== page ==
The Common Good
April 2009

Body Language

by Elizabeth Palmberg | April 2009

In a society that glorifies thinness and individualism, the occurrence of eating disorders has risen sharply. How can Christians help heal broken minds and bodies if we idolize those same ...

“This is my body, broken for you,” Jesus says to us in the central mystery of our faith. “Take and eat.” Eating is an inherently good activity, a channel of God’s goodness.

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But in recent decades, this well has been poisoned for huge numbers of people. Anorexia, rare until the 1970s, today affects an estimated 1.5 million people in the United States. Perhaps twice that number have or are recovering from bulimia, a cycle of binge eating and purging (through vomiting or laxatives); millions more have binge eating alone. Up to one in five people with anorexia die from it—the highest death rate of any psychiatric illness. Eating disorders devastate the body, eroding teeth and bones, and stopping kidneys and hearts.

Christians certainly are not immune from eating disorders (they were “everywhere” at evangelical Wheaton College, one alum in recovery reports). But when was the last time you heard eating disorders mentioned in church? The body of Christ has a vocation to speak truth about the deadly idols of this present age, but instead we’ve kept a deafening silence.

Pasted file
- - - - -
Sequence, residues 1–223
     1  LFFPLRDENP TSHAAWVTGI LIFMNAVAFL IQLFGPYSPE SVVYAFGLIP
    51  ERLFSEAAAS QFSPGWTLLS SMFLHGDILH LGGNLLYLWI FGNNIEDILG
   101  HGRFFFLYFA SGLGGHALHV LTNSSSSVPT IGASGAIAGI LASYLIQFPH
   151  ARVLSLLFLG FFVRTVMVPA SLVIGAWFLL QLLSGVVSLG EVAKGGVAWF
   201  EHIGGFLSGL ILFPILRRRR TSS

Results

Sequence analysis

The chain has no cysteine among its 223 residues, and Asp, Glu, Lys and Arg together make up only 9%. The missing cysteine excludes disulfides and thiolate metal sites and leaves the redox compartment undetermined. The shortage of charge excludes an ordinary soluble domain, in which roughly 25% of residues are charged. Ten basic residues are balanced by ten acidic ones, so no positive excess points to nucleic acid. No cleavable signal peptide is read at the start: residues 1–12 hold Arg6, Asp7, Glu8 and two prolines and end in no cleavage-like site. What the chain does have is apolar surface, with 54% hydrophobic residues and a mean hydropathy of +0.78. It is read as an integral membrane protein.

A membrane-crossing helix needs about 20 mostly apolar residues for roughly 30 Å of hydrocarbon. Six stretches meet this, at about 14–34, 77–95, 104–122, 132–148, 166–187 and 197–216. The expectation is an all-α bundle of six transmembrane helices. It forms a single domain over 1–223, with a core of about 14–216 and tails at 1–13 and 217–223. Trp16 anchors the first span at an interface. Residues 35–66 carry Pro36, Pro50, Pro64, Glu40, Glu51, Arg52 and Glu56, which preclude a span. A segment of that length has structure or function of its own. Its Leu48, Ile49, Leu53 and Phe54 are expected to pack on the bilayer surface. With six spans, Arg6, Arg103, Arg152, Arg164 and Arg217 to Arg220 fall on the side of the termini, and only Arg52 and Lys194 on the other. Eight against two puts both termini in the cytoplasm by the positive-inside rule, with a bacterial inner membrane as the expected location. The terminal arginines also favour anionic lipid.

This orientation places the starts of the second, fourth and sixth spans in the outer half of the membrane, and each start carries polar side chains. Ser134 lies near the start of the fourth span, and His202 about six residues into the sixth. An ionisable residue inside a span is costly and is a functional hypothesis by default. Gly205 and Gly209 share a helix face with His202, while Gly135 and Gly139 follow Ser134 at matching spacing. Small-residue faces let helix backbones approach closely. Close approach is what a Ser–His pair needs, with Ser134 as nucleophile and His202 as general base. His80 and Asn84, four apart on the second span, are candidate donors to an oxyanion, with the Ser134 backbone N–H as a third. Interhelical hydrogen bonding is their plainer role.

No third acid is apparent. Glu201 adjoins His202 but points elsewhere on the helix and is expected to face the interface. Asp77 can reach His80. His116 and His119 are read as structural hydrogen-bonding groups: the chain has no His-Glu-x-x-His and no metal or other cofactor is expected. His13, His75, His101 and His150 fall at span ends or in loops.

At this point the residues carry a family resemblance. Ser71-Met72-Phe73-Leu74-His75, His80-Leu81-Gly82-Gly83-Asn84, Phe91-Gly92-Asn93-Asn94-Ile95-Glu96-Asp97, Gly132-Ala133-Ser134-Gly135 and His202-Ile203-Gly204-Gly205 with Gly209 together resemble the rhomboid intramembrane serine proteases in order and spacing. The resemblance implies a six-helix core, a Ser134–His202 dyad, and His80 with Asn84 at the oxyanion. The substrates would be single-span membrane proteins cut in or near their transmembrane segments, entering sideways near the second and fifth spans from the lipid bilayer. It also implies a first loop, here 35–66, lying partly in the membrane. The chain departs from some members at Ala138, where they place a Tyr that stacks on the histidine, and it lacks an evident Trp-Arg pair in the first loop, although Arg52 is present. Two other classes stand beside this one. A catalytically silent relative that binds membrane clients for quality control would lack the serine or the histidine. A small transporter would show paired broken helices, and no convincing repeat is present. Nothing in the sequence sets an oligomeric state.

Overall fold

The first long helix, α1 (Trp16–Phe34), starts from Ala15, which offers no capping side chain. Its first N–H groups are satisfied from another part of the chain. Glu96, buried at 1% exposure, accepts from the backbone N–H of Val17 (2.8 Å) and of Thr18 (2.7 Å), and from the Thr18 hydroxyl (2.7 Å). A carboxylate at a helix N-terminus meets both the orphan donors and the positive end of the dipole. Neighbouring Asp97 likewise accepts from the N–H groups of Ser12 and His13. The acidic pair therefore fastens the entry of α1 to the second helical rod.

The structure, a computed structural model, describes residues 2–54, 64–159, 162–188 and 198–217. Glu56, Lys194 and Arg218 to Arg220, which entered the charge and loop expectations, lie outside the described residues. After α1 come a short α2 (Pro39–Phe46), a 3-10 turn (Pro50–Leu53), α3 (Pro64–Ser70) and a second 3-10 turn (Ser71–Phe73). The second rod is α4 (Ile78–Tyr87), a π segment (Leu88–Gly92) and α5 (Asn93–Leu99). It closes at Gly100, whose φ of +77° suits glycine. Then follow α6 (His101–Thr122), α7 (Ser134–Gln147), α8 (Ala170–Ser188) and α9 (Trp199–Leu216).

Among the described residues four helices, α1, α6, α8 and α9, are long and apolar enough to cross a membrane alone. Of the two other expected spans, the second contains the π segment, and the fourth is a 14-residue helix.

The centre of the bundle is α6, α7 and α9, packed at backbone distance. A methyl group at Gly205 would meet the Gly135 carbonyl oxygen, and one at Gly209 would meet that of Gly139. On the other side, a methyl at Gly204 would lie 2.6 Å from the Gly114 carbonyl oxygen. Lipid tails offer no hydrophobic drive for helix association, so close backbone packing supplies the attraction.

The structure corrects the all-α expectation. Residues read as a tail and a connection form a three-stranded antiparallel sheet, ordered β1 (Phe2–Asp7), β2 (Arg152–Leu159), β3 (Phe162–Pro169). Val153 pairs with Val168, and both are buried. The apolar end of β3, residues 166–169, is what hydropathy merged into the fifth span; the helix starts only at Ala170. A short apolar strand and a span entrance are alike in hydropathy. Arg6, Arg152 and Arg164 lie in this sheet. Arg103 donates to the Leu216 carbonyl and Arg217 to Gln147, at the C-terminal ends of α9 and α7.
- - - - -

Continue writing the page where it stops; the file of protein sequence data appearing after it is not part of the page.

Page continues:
Worse, underneath that silence are rubrics that reinforce rather than unravel the problems. You’re damned if you diet (vanity!) and damned if you don’t (gluttony!). Desire (for food or anything else) is blamed on the body, and both are lumped together as potential causes of sin. Old-fashioned sexism or newer libertarianism both give a pass to the hypersexualization and commodification of women.

And those with eating disorders are just the gasping canaries in the coal mine; most of the rest of us are being bled in body and spirit. Consider this absurdist play in which we live: Every supermarket-checkout magazine blares photos of food or freakishly skinny women’s bodies. At your local Cheesecake Factory, ordering an appetizer, entrée, and dessert puts half a week’s worth of food in front of you. Forty-two percent of girls in first through third grade want to be thinner. Unhealthy body images? Bizarrely large portion sizes? We’re soaking in them. And this is true not because any person or corporation is hatching an evil plan, but because they, we, and the thousand-plus ads we see every day are part of an evil logic.

Too often, we stop seeing the problem because we feel like there’s nothing we can do. We realize that people with eating disorders need professional help, which is true—if you suspect that you or someone you love has one, you should get a referral and more information right now (see box on page 37). But we don’t talk about where the rest of us come into our society’s tangled problems of body, food, and self. We’ve got our own troubles: At least 80 percent of our diets fail, and it’s now “normal” for us to feel bad about our bodies. If we can’t bail ourselves out individually, how can we drain the swamp?